With increasing incidence and mortality, cancer is the leading cause of death in China and is a major public health problem. Because of China's massive population (1.37 billion), previous national incidence and mortality estimates have been limited to small samples of the population using data from the 1990s or based on a specific year. With high-quality data from an additional number of population-based registries now available through the National Central Cancer Registry of China, the authors analyzed data from 72 local, population-based cancer registries (2009-2011), representing 6.5% of the population, to estimate the number of new cases and cancer deaths for 2015. Data from 22 registries were used for trend analyses (2000-2011). The results indicated that an estimated 4292,000 new cancer cases and 2814,000 cancer deaths would occur in China in 2015, with lung cancer being the most common incident cancer and the leading cause of cancer death. Stomach, esophageal, and liver cancers were also commonly diagnosed and were identified as leading causes of cancer death. Residents of rural areas had significantly higher age-standardized (Segi population) incidence and mortality rates for all cancers combined than urban residents (213.6 per 100,000 vs 191.5 per 100,000 for incidence; 149.0 per 100,000 vs 109.5 per 100,000 for mortality, respectively). For all cancers combined, the incidence rates were stable during 2000 through 2011 for males (+0.2% per year; P = .1), whereas they increased significantly (+2.2% per year; P < .05) among females. In contrast, the mortality rates since 2006 have decreased significantly for both males (-1.4% per year; P < .05) and females (-1.1% per year; P < .05). Many of the estimated cancer cases and deaths can be prevented through reducing the prevalence of risk factors, while increasing the effectiveness of clinical care delivery, particularly for those living in rural areas and in disadvantaged populations.
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              Cancer genome landscapes.

              Over the past decade, comprehensive sequencing efforts have revealed the genomic landscapes of common forms of human cancer. For most cancer types, this landscape consists of a small number of "mountains" (genes altered in a high percentage of tumors) and a much larger number of "hills" (genes altered infrequently). To date, these studies have revealed ~140 genes that, when altered by intragenic mutations, can promote or "drive" tumorigenesis. A typical tumor contains two to eight of these "driver gene" mutations; the remaining mutations are passengers that confer no selective growth advantage. Driver genes can be classified into 12 signaling pathways that regulate three core cellular processes: cell fate, cell survival, and genome maintenance. A better understanding of these pathways is one of the most pressing needs in basic cancer research. Even now, however, our knowledge of cancer genomes is sufficient to guide the development of more effective approaches for reducing cancer morbidity and mortality.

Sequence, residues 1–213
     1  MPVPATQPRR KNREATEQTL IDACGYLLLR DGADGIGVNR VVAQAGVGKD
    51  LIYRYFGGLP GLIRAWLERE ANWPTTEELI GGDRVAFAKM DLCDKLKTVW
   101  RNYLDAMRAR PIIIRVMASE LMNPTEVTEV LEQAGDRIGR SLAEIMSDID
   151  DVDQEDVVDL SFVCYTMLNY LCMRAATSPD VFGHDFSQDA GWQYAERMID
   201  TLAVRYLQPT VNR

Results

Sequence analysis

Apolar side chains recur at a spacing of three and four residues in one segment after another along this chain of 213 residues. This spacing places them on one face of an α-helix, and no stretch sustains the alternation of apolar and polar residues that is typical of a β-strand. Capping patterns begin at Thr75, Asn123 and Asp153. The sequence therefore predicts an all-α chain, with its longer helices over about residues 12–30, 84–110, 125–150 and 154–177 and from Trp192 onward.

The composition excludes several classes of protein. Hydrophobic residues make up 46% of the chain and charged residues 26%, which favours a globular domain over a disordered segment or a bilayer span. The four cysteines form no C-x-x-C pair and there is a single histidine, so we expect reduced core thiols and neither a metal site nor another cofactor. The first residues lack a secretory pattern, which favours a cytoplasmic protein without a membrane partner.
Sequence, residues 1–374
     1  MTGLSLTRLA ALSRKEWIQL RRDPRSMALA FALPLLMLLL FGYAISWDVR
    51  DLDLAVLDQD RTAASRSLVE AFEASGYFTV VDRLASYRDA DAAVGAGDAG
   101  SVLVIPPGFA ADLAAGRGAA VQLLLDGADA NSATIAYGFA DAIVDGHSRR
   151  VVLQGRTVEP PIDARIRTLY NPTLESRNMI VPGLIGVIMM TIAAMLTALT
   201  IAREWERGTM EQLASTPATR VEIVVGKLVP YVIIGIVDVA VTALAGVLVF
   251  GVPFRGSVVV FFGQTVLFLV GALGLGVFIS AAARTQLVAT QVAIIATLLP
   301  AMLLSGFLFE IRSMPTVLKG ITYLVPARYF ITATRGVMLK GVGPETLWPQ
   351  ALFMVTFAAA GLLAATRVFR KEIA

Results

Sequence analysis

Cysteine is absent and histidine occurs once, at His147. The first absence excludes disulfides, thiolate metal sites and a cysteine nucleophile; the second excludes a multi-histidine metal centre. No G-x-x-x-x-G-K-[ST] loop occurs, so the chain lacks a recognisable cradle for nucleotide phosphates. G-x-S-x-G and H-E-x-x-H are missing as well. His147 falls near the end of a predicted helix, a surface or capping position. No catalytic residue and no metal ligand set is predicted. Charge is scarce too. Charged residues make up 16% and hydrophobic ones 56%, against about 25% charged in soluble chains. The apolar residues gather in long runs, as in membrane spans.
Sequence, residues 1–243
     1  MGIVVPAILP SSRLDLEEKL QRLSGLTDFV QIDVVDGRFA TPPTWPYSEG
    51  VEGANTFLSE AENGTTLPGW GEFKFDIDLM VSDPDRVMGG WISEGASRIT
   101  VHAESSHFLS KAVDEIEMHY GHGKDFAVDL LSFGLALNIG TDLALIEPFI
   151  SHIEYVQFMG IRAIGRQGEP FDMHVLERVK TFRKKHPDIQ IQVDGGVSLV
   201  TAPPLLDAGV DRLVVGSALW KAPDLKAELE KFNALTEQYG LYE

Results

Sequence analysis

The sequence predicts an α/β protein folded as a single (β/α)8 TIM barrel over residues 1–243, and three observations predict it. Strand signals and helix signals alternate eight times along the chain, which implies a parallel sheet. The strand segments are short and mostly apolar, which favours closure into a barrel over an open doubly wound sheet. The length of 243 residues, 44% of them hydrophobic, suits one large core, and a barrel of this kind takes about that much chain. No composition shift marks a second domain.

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                Author and article information

                Journal
                Onco Targets Ther
                Onco Targets Ther
                OncoTargets and Therapy
                OncoTargets and therapy
                Dove Medical Press
                1178-6930
                2018
                24 January 2018
                : 11
                : 529-538
                Affiliations
                [1 ]Department of Clinical Pharmacology, XiangYa Hospital, Central South University, Changsha
                [2 ]Institute of Clinical Pharmacology, Central South University, Hunan Key Laboratory of Pharmacogenetics, Changsha, China
                Author notes
                Correspondence: Ji-Ye Yin, Department of Clinical Pharmacology, XiangYa Hospital, Central South University, 110 XiangYa Road, Changsha, Hunan, 410008, China, Tel +86 731 8480 5380, Fax +86 731 8235 4476, Email yinjiye@ 123456csu.edu.cn
                Article
                ott-11-529
                10.2147/OTT.S136579
                5790073
                © 2018 Wang et al. This work is published and licensed by Dove Medical Press Limited

                The full terms of this license are available at https://www.dovepress.com/terms.php and incorporate the Creative Commons Attribution – Non Commercial (unported, v3.0) License ( http://creativecommons.org/licenses/by-nc/3.0/). By accessing the work you hereby accept the Terms. Non-commercial uses of the work are permitted without any further permission from Dove Medical Press Limited, provided the work is properly attributed.